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6 comments:

  1. Your statement that KISS's contributions to "rock music’s legacy began and ended with two songs and a pair of albums in the mid-‘70s" are absurd and that they "they fumbled their way through the eighties" are both absurd but your arguements on their behalf are well thought out and appreciated. Thanks Dave.

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  2. Dave, I am a 35 year KISS fan and see your points as someone who is not. KISS, from a hit song perspective, had RNRAN in the early 70's, Beth in the mid, and IWMFLY at the end of the 70's. In the 80's they had LIU at the beginning, TAF in the mid, and Forever at the end of the 80's. Their three studio albums in the 90's are great work for every KISS fan, but from a hit single perspective they are not. For two decades KISS was able to begin and end with hits. The last two decades this has not happen, at least in the US. What is important is that KISS is now going into their fifth decade and are currently making a new record! For a KISS fan this is huge! For a non KISS fan it is another opportunity to discover new music. In the near future the RNRHOF will induct KISS in. The demand is just to great. It will be the largest amount of tickets every sold to the ceremony. And the most talked about in magazines, news, etc. All KISS has to do is sit back and wait. Dave, thanks for being a non fan!

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  3. Obviously Kiss had more than just a couple hit songs and albums, but my guess is that the average fan wouldn't go much deeper (if at all) into the catalog than that. I definitely think Kiss hit their commercial low in the '80s and lost some relevancy, but had a revival in the '90s. Remember to keep all of this in mind from the perspective that I am trying to look at Kiss first from the point of view of those who would dismiss the band. In the end, though, my assessment is that the band simply cannot be dismissed and belong in the Hall.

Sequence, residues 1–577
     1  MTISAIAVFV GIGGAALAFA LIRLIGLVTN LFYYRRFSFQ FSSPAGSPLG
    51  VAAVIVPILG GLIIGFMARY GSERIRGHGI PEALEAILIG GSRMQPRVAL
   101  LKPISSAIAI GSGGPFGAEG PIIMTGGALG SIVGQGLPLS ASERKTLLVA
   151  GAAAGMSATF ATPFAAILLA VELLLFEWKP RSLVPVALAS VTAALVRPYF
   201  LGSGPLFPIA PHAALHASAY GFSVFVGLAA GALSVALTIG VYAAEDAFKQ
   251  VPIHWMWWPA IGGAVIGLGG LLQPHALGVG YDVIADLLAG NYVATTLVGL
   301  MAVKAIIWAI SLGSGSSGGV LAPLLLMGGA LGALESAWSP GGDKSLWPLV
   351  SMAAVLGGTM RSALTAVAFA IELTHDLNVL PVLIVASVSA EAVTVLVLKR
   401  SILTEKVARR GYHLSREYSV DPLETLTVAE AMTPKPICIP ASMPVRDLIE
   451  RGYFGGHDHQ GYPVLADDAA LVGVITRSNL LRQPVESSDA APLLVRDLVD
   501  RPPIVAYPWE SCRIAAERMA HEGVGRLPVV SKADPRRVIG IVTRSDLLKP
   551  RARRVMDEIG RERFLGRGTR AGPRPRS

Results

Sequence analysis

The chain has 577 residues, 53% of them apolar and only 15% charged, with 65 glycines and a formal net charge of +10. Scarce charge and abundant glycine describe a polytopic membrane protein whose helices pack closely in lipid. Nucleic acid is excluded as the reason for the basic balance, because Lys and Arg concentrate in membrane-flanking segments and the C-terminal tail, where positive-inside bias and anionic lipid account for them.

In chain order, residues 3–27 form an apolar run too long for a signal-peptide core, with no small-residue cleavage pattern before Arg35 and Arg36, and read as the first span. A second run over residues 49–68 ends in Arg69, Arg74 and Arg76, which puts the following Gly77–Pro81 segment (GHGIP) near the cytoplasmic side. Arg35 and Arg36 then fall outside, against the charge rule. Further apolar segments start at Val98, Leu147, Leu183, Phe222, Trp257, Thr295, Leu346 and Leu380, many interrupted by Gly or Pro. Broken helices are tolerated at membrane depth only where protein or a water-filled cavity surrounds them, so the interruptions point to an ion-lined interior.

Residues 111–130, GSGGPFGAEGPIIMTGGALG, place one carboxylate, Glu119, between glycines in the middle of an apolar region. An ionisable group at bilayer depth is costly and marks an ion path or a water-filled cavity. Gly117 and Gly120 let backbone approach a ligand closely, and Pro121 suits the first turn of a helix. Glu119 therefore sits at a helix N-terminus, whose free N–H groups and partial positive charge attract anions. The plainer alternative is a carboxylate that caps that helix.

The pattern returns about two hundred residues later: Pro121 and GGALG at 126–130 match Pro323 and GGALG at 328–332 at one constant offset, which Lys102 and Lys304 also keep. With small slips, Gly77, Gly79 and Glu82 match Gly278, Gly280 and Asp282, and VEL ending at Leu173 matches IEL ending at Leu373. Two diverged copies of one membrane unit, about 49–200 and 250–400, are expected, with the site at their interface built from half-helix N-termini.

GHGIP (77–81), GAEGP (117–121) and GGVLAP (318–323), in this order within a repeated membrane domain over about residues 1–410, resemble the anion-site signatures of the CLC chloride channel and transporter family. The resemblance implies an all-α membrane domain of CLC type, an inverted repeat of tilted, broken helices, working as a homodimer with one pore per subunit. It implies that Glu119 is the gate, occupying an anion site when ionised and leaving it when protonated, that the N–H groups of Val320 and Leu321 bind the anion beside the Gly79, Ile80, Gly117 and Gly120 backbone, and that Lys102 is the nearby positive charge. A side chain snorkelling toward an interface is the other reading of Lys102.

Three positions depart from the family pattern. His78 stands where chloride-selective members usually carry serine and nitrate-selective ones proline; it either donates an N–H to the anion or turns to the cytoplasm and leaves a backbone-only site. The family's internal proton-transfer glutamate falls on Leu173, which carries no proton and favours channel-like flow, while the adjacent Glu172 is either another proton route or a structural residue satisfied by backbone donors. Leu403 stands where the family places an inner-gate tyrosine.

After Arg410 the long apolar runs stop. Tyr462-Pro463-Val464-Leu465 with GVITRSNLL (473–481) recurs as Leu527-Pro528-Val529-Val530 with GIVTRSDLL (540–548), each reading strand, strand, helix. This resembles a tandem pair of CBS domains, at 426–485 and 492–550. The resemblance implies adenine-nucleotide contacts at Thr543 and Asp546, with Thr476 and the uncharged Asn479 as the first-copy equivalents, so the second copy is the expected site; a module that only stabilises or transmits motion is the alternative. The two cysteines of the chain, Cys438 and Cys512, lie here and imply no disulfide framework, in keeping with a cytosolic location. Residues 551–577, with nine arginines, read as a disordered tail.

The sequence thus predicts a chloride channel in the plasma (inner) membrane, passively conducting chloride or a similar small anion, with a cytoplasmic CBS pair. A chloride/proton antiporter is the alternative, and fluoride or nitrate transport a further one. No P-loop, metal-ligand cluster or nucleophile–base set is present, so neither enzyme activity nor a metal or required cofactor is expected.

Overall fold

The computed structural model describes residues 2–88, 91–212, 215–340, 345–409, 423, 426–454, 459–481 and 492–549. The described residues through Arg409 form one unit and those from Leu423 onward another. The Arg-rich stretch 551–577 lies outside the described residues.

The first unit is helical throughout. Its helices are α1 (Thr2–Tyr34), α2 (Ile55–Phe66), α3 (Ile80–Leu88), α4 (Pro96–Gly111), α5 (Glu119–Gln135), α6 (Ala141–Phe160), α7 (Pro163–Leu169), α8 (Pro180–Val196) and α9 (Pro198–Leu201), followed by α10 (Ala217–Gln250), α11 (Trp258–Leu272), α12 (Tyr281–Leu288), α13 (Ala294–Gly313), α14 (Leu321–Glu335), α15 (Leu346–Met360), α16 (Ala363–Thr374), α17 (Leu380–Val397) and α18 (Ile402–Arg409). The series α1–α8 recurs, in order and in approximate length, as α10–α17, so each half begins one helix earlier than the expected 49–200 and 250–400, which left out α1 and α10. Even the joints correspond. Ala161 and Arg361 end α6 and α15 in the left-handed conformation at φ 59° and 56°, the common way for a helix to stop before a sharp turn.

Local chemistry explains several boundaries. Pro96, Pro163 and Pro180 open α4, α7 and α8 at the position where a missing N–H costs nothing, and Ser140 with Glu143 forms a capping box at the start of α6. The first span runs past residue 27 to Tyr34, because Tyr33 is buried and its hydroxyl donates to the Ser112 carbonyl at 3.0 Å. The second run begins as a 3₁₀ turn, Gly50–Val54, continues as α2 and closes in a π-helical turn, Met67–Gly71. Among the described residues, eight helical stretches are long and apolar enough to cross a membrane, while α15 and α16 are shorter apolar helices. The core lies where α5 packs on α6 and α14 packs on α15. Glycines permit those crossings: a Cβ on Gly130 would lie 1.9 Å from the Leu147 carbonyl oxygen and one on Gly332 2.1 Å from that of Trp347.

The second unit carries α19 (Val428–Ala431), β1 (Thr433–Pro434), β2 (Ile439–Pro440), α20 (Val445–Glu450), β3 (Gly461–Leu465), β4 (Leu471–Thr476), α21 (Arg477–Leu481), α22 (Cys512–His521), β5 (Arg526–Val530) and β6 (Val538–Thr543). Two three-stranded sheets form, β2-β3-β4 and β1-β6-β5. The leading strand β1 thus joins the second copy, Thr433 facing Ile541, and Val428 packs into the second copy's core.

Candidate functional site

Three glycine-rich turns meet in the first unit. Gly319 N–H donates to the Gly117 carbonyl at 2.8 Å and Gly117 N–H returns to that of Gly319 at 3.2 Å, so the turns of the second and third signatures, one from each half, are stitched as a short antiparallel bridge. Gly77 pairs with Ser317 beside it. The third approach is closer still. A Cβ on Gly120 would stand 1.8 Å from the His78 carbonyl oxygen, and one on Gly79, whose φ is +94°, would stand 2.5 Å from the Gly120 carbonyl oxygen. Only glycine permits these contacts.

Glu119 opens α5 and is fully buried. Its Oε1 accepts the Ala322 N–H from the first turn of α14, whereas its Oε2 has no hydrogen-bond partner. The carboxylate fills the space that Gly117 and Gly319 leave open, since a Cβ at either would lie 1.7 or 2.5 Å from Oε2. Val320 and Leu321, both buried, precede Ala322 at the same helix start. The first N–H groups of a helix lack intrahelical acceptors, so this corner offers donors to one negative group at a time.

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  4. I've got to call you on the Buddy Holly thing, first off, he was inducted at the start of the R&R Hall of Fame, when they were only inducting people that had to do with the original Rock & Roll, you know, 1954-1963, and while he only released 3 albums, he has made over 100 songs, and is more important to history than Kiss will ever be, even though he only lived 2 years.

    Not saying Kiss doesn't belong there as it looks now, but I feel kinda sad they started inducting newer and newer artists as the thing went on.

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  5. DJGrandPa - I am not arguing in any way that Kiss is more deserving of Hall enshrinement than Buddy Holly. I absolutely agree that Holly rightfully was inducted as one of the first artists. His role in rock and roll is pivotal. My point was simply that if "length and depth of career" are criteria, than Kiss would trounce Holly on sheer numbers in regards to output and longevity. The whole point was to use the Hall's criteria against them to show how an obviously deserving artist like Holly actually has less credentials based on the Hall's own standard.

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  6. FYI - in light of the 2012 Rock and Roll Hall of Fame nominations (a list which still doesn't include Kiss), I've updated this page with videos and photos. Maybe someday this blog entry will be rendered irrelevant.